A retirement policy expert has rejected a report by the ANZ that claims KiwiSaver may not be reaching the people who most need help with saving for their retirement.

The bank, which is also the country's largest KiwiSaver provider, released a raft of recommendations on Tuesday as part of an assessment of the scheme, which turned 10 years old on July 1.

The research found that although 80 per cent of those surveyed who earn more than $100,000 were members, just 53 per cent of those who earned less than $50,000 had signed up.

But Michael Littlewood, who was previously the co-director of the Retirement Policy and Research Centre at Auckland University, said it was no surprise to see lower KiwiSaver membership for those on lower pay - but it did not mean they should join the scheme.

"Of course we should expect the lower-paid to have lower levels of KiwiSaver membership.

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"However, it's another step to say they should be members because that assumes they aren't saving enough for retirement."

"We cannot know the answer to that without a full needs analysis at a household level with full asset/liability measurement."

Littlewood said some people could not afford to join KiwiSaver or would see a cut of 6 per cent in their take-home pay if they joined because some employers used a total remuneration policy.

He pointed to Reserve Bank figures that showed KiwiSaver represented 5.3 per cent of all households' financial assets last year and 2.5 per cent of all assets.

"We really cannot tell anything about households' preparedness for retirement by looking at just KiwiSaver memberships."

Littlewood also questioned whether the public would be keen to make the scheme compulsory if they were told that doing so would reduce their take-home pay or be used to means test how much New Zealand superannuation they got.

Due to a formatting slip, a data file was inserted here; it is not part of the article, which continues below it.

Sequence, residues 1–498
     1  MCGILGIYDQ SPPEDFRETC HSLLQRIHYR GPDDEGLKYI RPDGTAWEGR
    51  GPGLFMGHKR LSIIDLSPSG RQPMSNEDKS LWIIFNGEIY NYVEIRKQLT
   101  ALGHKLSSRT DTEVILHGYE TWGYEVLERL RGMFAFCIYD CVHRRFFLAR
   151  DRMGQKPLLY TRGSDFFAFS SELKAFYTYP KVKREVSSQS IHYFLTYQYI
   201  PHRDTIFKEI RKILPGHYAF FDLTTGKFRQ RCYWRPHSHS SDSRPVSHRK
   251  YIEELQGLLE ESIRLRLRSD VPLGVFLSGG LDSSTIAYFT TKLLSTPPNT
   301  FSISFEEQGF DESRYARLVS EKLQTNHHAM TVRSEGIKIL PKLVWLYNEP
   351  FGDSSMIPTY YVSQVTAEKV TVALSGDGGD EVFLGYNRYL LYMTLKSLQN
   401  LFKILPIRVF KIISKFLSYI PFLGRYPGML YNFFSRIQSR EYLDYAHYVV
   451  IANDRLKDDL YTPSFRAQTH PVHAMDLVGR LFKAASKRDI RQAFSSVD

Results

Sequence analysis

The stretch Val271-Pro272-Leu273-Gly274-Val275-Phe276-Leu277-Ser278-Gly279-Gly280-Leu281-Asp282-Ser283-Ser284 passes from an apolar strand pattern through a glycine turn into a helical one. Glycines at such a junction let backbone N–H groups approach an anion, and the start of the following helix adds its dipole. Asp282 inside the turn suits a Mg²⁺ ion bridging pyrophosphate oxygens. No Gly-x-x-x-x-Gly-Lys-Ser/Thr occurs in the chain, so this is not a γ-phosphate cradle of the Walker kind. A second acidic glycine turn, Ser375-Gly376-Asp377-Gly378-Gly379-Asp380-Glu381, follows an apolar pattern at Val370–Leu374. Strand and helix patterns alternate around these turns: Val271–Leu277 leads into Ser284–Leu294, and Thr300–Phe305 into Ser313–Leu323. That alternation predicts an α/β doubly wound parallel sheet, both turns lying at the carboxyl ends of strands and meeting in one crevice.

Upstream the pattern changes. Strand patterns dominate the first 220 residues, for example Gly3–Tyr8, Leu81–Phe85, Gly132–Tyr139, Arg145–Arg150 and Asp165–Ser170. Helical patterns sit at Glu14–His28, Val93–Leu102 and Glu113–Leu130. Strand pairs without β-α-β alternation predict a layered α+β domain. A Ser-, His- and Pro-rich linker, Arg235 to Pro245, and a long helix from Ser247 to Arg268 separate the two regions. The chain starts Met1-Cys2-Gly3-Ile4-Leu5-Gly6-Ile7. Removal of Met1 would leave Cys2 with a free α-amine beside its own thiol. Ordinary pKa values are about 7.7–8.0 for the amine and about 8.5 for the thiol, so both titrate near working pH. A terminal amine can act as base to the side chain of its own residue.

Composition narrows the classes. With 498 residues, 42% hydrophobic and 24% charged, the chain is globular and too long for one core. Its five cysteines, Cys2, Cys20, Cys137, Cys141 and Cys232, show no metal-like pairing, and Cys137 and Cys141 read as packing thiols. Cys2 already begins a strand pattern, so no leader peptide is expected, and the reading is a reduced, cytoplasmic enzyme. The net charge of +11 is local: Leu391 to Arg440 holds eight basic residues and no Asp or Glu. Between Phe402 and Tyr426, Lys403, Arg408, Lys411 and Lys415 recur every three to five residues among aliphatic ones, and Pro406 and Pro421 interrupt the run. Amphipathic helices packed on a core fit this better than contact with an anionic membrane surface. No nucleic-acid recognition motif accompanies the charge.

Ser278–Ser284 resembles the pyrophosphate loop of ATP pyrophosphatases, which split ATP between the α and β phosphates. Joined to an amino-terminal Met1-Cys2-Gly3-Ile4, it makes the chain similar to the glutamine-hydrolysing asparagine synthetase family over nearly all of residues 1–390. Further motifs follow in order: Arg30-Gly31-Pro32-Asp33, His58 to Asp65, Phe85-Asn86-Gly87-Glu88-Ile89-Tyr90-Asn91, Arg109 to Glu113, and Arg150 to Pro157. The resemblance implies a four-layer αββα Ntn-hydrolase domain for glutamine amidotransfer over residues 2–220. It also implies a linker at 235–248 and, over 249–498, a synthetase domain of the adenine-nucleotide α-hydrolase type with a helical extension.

The ANZ research found 60 per cent of those surveyed would like to see membership of the scheme made compulsory and 33 per cent were opposed the idea.

Littlewood said before the 1997 referendum on whether New Zealand should introduce a compulsory superannuation saving scheme, polls showed 68 per cent initially favoured compulsion.

But he said, once the public knew that it would effectively mean an 8 per cent cut to take-home pay the support halved.

"Then, when we discovered that 'National Superannuation' would be reduced by the value of compulsory retirement savings scheme benefits, support for compulsion evaporated."

"The latest 60 per cent result was probably obtained from survey participants in the absence of any indication of what a compulsory KiwiSaver scheme would actually mean for the public."

Littlewood said New Zealand needed to undertake a longitudinal survey to better understand people's financial behaviour.

"Asking people what they think is pointless."